Thursday, October 13, 2011

Study Shows Puppy Mills Leave Lasting Emotional Scars

Via USAToday - The psychological damage suffered by dogs living in puppy mills is profound and exists long after they've been rescued, a new study shows.

"This study gives us strong evidence that the dogs kept in these large-scale breeding facilities don't just suffer while they're confined there, but carry the emotional scars out with them for years, even when they're placed in loving homes," says Frank McMillan of Best Friends Animal Society, who conducted the research with James Serpell and Deborah Duffy of the University of Pennsylvania School of Veterinary Medicine. It will be published in an upcoming issue of Applied Animal Behavior Science.

Anecdotal evidence has long suggested that lacking normal human contact and living with the pain and discomfort that are systemic in puppy mills leave these dogs with post-trauma-like behaviors. This is the first large study comparing mill survivors to dogs raised in homes.

The study compared owner-reported psychological and behavioral characteristics of 1,169 former breeding dogs recovered from puppy mills with those of 332 pet dogs without the mill history. The dogs from puppy mills showed significantly elevated levels of fears and phobias, compulsive and repetitive behaviors, and heightened sensitivity to being touched.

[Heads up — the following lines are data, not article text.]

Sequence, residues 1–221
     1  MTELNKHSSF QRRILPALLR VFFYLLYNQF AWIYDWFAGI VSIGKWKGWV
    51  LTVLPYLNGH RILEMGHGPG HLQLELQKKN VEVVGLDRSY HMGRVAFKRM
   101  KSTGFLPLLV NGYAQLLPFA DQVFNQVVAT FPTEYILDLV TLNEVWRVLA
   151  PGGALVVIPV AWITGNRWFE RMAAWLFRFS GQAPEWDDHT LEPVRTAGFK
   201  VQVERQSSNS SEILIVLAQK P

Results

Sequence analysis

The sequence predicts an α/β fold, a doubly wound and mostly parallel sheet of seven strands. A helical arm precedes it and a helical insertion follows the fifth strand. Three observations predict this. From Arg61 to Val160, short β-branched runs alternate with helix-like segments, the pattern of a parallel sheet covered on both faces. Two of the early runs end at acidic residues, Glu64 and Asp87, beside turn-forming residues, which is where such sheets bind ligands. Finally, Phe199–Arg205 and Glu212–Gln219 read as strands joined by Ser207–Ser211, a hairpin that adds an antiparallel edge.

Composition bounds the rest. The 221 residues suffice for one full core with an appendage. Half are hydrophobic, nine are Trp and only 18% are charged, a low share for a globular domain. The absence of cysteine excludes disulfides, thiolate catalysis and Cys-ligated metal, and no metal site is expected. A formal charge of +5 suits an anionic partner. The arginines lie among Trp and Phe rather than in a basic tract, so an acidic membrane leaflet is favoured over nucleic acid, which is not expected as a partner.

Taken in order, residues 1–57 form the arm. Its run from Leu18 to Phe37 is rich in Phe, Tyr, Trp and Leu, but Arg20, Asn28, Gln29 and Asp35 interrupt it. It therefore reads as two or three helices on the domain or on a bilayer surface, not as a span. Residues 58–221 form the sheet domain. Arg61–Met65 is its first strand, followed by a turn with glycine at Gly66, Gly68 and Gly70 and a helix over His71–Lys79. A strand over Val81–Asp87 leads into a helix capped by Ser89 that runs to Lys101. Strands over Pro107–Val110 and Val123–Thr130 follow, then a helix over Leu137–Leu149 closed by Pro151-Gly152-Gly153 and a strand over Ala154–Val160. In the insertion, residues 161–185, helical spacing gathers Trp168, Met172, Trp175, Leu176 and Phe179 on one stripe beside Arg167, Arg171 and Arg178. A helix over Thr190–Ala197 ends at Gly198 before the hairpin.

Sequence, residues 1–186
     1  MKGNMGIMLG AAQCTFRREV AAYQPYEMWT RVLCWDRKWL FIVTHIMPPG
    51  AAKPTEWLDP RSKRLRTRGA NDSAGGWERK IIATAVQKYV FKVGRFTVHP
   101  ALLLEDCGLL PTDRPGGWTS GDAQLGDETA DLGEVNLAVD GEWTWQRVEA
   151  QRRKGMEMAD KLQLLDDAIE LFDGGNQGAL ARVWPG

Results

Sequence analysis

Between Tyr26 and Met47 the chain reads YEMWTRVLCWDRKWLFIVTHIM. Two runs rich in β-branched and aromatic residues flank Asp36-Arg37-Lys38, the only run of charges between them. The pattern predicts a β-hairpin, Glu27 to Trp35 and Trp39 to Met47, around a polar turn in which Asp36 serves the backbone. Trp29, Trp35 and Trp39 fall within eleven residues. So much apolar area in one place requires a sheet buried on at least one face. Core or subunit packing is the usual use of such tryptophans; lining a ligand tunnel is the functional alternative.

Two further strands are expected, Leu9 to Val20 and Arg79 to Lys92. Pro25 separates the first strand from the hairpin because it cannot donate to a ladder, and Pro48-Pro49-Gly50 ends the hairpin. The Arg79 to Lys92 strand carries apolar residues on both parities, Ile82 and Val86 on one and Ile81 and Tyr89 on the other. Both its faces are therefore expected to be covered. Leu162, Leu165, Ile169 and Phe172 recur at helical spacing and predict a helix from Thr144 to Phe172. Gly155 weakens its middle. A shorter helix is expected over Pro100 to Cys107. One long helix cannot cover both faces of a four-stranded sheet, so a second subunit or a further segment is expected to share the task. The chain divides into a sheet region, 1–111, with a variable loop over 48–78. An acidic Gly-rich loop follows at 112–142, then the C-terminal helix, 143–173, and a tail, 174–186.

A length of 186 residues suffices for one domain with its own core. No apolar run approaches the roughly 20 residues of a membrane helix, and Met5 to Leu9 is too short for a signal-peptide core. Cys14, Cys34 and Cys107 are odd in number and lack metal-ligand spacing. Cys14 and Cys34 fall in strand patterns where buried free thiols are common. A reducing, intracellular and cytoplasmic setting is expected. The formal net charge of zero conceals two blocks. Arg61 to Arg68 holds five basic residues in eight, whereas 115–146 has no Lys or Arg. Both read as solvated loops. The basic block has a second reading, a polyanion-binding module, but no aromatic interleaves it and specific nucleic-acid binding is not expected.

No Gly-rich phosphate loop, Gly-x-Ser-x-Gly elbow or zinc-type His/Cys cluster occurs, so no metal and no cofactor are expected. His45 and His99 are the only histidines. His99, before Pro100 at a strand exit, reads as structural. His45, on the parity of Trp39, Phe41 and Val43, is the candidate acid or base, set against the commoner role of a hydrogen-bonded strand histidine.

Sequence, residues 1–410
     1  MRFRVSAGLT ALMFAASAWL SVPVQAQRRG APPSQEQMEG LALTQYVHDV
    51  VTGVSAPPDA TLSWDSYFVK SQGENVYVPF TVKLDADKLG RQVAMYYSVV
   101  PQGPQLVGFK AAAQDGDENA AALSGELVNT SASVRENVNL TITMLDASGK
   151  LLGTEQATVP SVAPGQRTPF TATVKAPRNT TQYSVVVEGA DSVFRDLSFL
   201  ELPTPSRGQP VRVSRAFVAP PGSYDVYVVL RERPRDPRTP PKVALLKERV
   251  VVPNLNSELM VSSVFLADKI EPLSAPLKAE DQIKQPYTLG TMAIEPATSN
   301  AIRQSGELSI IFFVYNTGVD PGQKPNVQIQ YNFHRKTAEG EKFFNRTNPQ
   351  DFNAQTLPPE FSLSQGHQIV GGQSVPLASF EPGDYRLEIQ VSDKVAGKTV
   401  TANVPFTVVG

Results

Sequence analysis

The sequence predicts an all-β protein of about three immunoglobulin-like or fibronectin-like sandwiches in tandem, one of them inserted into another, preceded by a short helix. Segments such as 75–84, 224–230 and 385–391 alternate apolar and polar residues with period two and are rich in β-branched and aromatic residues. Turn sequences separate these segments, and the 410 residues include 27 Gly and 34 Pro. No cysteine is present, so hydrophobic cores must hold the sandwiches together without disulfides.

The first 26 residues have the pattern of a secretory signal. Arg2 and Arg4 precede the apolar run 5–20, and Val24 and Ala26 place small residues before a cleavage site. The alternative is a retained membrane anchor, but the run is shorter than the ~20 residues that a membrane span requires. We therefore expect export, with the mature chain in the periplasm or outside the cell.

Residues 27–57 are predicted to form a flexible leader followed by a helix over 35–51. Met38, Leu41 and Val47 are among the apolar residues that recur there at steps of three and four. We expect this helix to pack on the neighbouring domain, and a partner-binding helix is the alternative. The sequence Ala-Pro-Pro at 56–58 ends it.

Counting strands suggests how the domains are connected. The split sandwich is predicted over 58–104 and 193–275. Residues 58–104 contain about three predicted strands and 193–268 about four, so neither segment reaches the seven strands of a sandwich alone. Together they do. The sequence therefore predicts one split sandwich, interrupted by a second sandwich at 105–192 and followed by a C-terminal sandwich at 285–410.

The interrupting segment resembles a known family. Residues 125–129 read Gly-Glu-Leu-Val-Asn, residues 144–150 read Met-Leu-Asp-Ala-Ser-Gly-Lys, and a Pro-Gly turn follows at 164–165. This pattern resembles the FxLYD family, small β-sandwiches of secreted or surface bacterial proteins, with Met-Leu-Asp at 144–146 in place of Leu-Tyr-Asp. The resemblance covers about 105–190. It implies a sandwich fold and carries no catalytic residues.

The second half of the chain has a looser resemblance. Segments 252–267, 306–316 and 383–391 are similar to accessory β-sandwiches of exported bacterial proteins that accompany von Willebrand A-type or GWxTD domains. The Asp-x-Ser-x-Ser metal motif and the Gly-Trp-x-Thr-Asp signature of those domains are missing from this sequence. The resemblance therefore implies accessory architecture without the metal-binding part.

"The most prominent difference was in the level of fear," says McMillan. "Compared to normal pet dogs, the chance of scoring in the highest ranges for fear was six to eight times higher in the recovered puppy-mill dogs."

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Written by Sharon L. Peters
Photo via Best Friends Animal Society

Join us this Saturday, October 15 for Blog the Change Day. We are asking Petland USA to stop selling animals in their stores and fire puppy mills!


  1. I have heard of some bad stories with doggies obtained from pet shops that were no doubt born in a puppy mill.

  2. My 11 month old foster pup was from a pet store and born in a puppy mill. She has a licking compulsion. It's cute but can drive you around the bend!

  3. That's one of the things the canine behaviorist that I spoke with yesterday pointed out: the fear these animals exhibit when they arrive at the shelter is simply off the charts. They're literally immobilized by it.

    SO sad...puppy mills need to stop! I'm ashamed that KS & MO are two of the worst offenders, and so thankful we have local shelters that are actively working to counteract it.

    Thanks for sharing the article!